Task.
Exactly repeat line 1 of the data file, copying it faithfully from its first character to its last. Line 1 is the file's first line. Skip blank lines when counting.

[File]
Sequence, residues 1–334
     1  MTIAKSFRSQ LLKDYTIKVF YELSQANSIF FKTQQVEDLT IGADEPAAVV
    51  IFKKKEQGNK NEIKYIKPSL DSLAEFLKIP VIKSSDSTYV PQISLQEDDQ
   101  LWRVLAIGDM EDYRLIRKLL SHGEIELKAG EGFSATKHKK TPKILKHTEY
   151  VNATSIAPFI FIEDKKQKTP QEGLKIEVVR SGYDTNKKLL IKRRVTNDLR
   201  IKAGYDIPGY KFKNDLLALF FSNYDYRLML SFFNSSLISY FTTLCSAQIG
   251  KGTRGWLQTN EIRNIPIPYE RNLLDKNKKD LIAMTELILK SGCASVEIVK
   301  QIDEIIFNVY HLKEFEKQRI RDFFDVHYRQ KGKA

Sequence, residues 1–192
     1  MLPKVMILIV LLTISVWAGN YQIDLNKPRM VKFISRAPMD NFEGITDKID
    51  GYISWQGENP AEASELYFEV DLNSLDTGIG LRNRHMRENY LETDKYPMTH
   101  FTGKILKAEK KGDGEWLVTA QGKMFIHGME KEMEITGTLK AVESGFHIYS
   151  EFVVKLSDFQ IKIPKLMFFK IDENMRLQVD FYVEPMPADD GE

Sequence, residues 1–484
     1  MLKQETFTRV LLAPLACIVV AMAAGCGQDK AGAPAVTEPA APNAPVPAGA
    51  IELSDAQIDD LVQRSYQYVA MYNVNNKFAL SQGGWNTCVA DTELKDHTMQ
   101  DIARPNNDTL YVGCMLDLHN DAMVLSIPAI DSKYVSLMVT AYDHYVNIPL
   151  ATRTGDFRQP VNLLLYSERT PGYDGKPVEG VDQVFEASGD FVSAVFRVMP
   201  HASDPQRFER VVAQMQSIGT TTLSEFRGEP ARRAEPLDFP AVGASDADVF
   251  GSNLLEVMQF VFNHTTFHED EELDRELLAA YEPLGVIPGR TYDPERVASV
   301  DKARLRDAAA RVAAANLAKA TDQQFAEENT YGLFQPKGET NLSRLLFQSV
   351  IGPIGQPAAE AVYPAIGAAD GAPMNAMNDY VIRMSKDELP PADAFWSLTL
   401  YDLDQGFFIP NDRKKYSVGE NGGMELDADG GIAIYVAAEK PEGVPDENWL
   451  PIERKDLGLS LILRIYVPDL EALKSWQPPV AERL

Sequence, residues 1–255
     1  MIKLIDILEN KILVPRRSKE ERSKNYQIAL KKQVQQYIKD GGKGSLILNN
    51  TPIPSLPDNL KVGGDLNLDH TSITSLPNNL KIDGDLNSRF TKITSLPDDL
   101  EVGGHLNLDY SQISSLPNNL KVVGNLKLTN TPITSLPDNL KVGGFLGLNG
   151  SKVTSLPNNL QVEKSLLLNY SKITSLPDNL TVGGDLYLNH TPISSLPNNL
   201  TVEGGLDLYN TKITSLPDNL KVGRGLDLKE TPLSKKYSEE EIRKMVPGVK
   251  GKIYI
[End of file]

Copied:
Sequence, residues 1–334